Prawn crackers (optional)

Salt and pepper to taste

Method –

1)      Boil the chicken in a deep soup pot. I discarded the first round of boiled broth as there were too much scum floating on the surface of the pot. I then changed the water several times until the water was clearer. Boil the chicken a second time over medium heat. Throw in fresh ginger slices and torn kaffir lime leaves

2)      Meanwhile blend all the wet ingredients and candlenuts to form a paste

3)      Sauté the paste together with the slightly bruised lemon grass until fragrant and transfer the paste to the chicken broth. Season with salt (and/ or chicken stock cube) and pepper

4)      Stir the broth to combine the paste into the liquid and continue to boil the chicken soup covered

5)      When the chicken is tender and starts to fall apart, remove from the broth and start shredding the meat off the bones

6)      Boil some water and pour onto the rice vermicelli. Let stand until the rice noodles become limp but not lumpy.  Drain under cold running water. Set aside.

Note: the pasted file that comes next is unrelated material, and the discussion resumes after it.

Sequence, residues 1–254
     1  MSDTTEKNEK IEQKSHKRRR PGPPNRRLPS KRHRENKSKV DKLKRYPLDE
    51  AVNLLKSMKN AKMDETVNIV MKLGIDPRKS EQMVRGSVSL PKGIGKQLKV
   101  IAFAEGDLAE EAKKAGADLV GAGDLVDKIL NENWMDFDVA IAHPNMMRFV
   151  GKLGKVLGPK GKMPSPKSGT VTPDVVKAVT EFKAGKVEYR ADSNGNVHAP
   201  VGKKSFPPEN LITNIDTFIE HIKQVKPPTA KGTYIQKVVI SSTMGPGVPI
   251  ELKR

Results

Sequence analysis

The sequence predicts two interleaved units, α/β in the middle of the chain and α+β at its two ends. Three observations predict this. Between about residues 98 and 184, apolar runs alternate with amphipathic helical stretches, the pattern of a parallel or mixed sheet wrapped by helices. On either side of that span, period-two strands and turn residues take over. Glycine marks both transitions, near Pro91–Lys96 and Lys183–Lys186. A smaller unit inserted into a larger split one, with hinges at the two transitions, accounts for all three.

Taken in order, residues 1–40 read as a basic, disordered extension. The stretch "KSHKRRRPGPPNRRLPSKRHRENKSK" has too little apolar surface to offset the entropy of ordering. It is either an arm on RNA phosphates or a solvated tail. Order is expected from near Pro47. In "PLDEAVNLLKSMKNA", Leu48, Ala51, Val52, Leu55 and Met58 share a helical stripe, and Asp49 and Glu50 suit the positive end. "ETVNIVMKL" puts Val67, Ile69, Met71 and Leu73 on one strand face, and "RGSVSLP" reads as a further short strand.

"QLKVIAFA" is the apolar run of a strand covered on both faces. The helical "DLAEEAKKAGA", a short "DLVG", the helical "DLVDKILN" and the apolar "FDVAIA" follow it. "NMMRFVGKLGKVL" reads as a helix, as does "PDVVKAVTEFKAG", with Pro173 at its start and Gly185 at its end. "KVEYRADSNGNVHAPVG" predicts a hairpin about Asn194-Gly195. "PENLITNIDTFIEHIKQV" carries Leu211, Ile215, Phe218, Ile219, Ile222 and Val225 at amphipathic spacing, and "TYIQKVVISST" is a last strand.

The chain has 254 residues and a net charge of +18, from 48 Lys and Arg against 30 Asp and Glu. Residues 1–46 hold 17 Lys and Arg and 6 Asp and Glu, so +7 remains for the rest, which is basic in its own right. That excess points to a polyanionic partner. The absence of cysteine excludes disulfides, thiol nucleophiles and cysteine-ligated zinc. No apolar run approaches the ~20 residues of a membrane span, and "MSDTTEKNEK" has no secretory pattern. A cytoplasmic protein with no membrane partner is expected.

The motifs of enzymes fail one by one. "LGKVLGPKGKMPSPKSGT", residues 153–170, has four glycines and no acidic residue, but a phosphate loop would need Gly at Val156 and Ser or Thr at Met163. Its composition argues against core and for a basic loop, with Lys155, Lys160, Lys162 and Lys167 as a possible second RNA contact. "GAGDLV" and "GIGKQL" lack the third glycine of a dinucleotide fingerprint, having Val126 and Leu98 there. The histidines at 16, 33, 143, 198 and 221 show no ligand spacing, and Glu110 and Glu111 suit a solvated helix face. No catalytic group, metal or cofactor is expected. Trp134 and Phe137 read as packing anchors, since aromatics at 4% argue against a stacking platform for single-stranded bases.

7)      Prepare the garnish of your choice 😀

8)      That’s IT!

3. Soto Ayam_whole chix4. Soto Ayam_major ingredients

4a. Soto Ayam_major ingredients blended4c. Soto Ayam_major ingredients sauteed

5. Soto Ayam_mixed5b. Soto Ayam_mixed2

6. Soto Ayam_shredded chix7. Soto Ayam_garnish

8a. Soto Ayam_without lemon8. Soto Ayam_with lemonIt was a simple dish, but one that fought the battle of the runs.  The thrill of Victory!! Yay! 😀

Oh yes, my husband and I made it to the 100th birthday of opa (grandpa) Harry as he is fondly called by his circle of friends on Sunday.  We had great moments meeting up friends whom we have not met in years.

A Blessed Centenary to you, opa Harry! You looked the same one year ago, 10 years ago, 15 years ago.  I wonder what his secret ingredient to a youthful look is…. 

9. Opa Harry

10. Opa Harry

11. Cake111a. Cake2

And by the way, the centenary birthday cake was specially made and decorated by my friend.  Good job, F!

I am linking this post to the following events –

Weekend Cooking hosted by Beth Fish Reads – Thinking, Reading, Photographing

Weekend Cooking

Cooking With Herbs Challenge for February 2014 hosted by Karen Burns-Booth of  Lavender and Lovage

Cooking-with-Herbs-300x252

Enjoy the rest of the week.

Cheers!